Arts & Culture

Paolo Pellegrin on Documenting Family

Time spent in isolation in the mountains allowed the photographer to document a both deeply personal and momentous period

Paolo Pellegrin

Paolo Pellegrin is perhaps best known for his photojournalism documenting war and its effects around the world, from Lebanon, Israel and Palestine, to the genocide in Kosovo, and conflict between Islamic State and Kurdish forces at Mosul. He has also focused on climate change, telling the story of the stark decline of the health of Antartic ice. The photographer here shares his notes on work of a different variety, reflecting on a period of introspection in which he turned his camera away from the immediate impacts of the pandemic and towards his family.

This text – along with a slection of Pellegrin’s images from the project – first appeared in The New York Times Magazine, in May of this year.

A selection of images from this work are available as fine prints on the Magnum Shop, here.

I was in Australia, working on a photographic project on the aftermath of the wildfires, and there was a moment when I realized that this pandemic was not being contained. It was spreading everywhere. My family was back in Switzerland, and I was playing these scenarios through my mind: Borders being closed. What if I get sick? What if I get stuck? What if my wife, Kathryn, gets sick, and I can’t reach her?

So we made a decision that we should all be together. I cut my trip to Australia short and rushed back home, just before they started imposing travel restrictions and closing borders.

We live in Geneva in a pretty small apartment. The schools were already closed, and my wife and I realized it would be very hard for the girls, Luna and Emma, to quarantine there.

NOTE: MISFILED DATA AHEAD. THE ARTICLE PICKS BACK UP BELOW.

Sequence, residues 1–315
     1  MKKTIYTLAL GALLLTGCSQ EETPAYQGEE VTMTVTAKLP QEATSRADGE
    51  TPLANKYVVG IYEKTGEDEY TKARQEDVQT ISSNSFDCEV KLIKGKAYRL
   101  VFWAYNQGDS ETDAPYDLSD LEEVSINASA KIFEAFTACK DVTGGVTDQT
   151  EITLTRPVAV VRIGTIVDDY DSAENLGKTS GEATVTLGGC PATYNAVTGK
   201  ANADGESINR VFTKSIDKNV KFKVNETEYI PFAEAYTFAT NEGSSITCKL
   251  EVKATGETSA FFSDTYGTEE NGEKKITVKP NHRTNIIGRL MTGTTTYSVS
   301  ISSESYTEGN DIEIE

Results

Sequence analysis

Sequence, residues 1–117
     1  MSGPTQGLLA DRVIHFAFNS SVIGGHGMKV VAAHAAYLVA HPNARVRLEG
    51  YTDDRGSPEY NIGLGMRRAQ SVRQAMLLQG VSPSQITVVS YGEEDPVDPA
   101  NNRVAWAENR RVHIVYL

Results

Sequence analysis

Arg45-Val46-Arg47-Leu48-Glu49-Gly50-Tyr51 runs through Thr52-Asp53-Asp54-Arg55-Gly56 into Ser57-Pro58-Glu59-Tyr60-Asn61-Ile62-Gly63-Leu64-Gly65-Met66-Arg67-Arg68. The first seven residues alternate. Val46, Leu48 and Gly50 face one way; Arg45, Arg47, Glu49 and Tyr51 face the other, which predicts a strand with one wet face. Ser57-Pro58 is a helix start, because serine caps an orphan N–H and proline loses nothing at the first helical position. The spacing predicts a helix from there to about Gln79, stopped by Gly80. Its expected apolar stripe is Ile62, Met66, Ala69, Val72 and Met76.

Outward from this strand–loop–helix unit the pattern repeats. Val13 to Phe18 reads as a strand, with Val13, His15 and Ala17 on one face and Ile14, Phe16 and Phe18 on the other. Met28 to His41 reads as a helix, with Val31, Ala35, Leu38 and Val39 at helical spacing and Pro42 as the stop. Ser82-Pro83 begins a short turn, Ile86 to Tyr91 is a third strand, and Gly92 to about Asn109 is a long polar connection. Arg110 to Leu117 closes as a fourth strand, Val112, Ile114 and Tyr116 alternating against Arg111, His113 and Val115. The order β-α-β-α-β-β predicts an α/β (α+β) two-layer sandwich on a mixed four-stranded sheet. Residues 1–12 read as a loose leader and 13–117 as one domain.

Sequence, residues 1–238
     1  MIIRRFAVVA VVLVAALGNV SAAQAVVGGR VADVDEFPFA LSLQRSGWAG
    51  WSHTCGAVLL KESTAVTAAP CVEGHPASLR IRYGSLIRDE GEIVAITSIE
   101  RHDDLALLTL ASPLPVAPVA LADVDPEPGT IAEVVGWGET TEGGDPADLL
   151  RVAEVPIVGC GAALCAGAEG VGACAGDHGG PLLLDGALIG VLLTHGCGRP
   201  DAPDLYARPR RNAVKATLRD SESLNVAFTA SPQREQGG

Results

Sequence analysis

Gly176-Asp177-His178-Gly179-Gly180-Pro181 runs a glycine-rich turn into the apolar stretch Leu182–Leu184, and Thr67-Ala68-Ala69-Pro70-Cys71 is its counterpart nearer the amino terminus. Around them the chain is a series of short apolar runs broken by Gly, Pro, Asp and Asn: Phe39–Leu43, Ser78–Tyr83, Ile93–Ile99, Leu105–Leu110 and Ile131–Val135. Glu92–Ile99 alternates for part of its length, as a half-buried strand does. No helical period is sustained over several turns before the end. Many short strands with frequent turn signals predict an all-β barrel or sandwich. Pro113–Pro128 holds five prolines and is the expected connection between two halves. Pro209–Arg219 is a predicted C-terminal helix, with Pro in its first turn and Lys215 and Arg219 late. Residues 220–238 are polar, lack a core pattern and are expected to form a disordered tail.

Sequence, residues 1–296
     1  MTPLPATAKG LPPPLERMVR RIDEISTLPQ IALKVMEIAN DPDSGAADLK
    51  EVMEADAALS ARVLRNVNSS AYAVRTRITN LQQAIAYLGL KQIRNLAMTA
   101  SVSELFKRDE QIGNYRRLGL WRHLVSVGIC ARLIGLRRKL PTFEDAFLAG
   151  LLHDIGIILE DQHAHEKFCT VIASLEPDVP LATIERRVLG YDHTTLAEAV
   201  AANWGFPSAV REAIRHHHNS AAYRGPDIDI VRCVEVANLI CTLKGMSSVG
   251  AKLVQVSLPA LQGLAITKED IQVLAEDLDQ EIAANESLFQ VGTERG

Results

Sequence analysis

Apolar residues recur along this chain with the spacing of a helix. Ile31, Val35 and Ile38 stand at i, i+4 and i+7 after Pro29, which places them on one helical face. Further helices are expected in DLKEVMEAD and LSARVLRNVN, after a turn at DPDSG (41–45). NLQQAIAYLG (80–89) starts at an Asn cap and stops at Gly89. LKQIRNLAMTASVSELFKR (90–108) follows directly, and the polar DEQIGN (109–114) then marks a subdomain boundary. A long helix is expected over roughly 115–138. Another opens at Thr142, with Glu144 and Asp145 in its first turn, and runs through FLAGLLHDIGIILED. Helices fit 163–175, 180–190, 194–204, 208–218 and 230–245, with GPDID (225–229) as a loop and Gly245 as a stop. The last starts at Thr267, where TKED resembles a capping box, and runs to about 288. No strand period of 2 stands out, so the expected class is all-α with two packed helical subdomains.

When we left the city for the mountains, I had the thought that we were going into the unknown with no horizon of what was going to happen or when it was going to end. I felt I wanted to document this experience, even just for ourselves, so I made a very deliberate decision to bring my ‘‘real’’ cameras.

We arrived at the farmhouse two days after my birthday, which is on March 11. We’ve been here now for more than two months.

Both my wife and I had a longing to be in nature, especially at a time like this. We’d been to this valley last summer and stayed in this place then. This is the countryside in Switzerland — when you get out of the city, it all looks like this. We’re pretty isolated in our little cabin. We’re very fortunate to all be here together.

I’m Italian, and in the first few weeks of the pandemic, seeing Northern Italy deteriorating very, very quickly, there was a sense of being in completely unexplored territory. That has parallels, surely, with the type of work I have done in the past as a photographer in conflict zones. Early on, it was our decision as a family for me not to travel, not to cover this. This is the first time in decades, maybe in my career, that I’ve decided not to cover an event, especially one of this magnitude.

These photos are very different from my usual work. After decades of a certain type of photography, very kinetic and very dynamic, I have found myself looking for moments of silence. I’d never really photographed my family or the girls very seriously before. Yes, I’ve photographed them with an iPhone, as any other parent would. But I had a sense that I wanted to document this moment. This is the longest I’ve ever stayed with my family because I’m always traveling, always leaving, so to have this time together is very special. At the same time, I do not think of the pictures as a diary of a quarantine. Obviously there is that element, but I wanted to touch something that was more timeless and universal. Something about the girls, about the passage of time, about changes. Something that was in the moment but that also transcended it.

This text is shared as originally published on The New York Times, as told to Adam Sternbergh

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